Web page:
Catching Your First Surfing
Waves - Whitewater Waves
Starting off riding the whitewater
is how we all learnt and it gives you a good feel for how
your surfboard glides on the water. Experienced surfers still
do this when they are going back to the shore.
Getting in Position
Grab your board, and head out into the water until it's just
above your waist. Hopefully you'll still be where the whitewater
is rolling in and not outside the breaker line.
Let some whitewater roll by, getting a feel for the rhythm
and power of the waves.
Always keep your surfboard at your
side with the nose pointing towards the oncoming waves. Never
let your surfboard get between you and the waves, as the whitewater
waves still have a lot of power and can flick your surfboard
into your face before you know it!
Wait for what looks like a pretty solid chunk of whitewater,
and turn around, facing the shoreline. Face the shore and
hold your board by the rails, at your side. As the wave comes
jump/lay on your surfboard while pushing forward to give you
If you don't push forward the wave
will overtake you and many times will roll you off the surfboard.
Stay in control of the board! Smile
and let the wave take you to the shore.
Remember to jump off before you hit
the sand otherwise it may break the fins.
You will probably fall off the first
few times as the wave hits you, but you'll get the hang of
it after a few tries.
The next step is to actually paddle the surfboard before the
wave reaches you. Get on your board before the whitewater
reaches you and start to paddle towards the shore. As the
wave takes you and you feel yourself surge forward, stop paddling
and grab the rails of the surfboard with your hands. Try and
get a good feel for the surfboard gliding across the water.
Also try leaning from side to side
directing the surfboard to where you want to go, this will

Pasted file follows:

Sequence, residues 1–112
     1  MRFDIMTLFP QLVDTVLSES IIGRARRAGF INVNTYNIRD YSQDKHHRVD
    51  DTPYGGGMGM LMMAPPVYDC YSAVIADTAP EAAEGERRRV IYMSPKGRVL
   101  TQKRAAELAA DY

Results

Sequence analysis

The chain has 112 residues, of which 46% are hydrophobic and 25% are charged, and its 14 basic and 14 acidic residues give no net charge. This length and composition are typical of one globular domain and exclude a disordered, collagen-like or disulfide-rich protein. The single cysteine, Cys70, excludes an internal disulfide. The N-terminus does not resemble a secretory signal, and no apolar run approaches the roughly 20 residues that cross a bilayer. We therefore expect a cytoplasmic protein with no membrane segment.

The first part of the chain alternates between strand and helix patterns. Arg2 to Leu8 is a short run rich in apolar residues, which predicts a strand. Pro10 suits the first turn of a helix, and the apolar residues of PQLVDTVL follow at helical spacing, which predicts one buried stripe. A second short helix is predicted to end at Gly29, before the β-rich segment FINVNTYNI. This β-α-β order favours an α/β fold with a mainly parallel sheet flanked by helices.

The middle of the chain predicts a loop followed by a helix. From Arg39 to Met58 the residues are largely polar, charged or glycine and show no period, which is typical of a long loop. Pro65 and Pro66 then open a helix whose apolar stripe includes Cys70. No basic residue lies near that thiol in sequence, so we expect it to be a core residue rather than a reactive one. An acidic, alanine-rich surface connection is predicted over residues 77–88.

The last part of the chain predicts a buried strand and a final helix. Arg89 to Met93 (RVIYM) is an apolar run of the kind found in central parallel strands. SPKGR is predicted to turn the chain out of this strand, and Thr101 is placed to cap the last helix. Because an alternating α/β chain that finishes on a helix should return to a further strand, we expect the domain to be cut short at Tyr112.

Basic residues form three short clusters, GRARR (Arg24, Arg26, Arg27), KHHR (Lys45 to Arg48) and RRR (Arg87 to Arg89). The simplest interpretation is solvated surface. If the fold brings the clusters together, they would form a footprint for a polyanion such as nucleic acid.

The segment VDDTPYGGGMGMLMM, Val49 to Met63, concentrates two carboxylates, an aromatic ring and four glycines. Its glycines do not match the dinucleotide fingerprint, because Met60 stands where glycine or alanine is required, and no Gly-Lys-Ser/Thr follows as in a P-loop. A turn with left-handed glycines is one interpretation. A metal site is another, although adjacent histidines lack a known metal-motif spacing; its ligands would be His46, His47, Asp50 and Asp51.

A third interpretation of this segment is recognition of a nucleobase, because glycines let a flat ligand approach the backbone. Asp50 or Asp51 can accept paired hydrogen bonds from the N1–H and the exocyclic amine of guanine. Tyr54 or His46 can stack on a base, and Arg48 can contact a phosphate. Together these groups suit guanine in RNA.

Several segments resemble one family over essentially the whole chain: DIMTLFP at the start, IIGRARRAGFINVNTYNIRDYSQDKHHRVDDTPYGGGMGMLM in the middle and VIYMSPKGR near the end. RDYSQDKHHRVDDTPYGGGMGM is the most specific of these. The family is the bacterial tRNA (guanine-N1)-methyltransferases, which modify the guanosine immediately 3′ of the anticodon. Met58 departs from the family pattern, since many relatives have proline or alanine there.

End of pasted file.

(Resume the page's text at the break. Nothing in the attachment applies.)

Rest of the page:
help you to avoid obstacles in the water or other surfers
Catch a whitewater wave the same as before, except this time
as you feel the wave pushing you along, put your hands on
the deck of the board and do a push-up and 'pop' your feet
underneath you. Do not grab the rails as this will put you
off balance and slow down the surfboard. You could also slip
making you do a face plant on your surfboard, good way to
get a fat lip!
Immediately afterwards, take your hands
off the surfboard and stand in a stable crouch.
It's right about at this point that
you will begin to fall. Try not to land on anyone and anything,
particularly your board. Try and fall backwards away from
the surfboard, falling backwards also helps you to fall shallow
so you don't hit the bottom.
Hey, you're surfing! Smile, and go
do it again.
to fall off safely
Standing up smoothly and correctly
on a moving surfboard, takes practice and is not as easy as
it looks. Always start by practicing this in the whitewater,
trying this on unbroken waves, unless you are with someone
experienced, can cause injuries and often a broken surfboard.
Naturally, most surf boarders do not
surf in the whitewater. They like to turn and do maneuvers
on the open wave face. You'll get out there too, once you
can stand up in the whitewater reliably.
Starting out in the whitewater, helps
you practice standing up on a fast-moving surfboard without
having to worry about where the wave is breaking, other surfers,
pearling/nose diving, going over the falls, or any other hazards.
It's how I learned! And 99.99% of all
surfers learnt this way too!!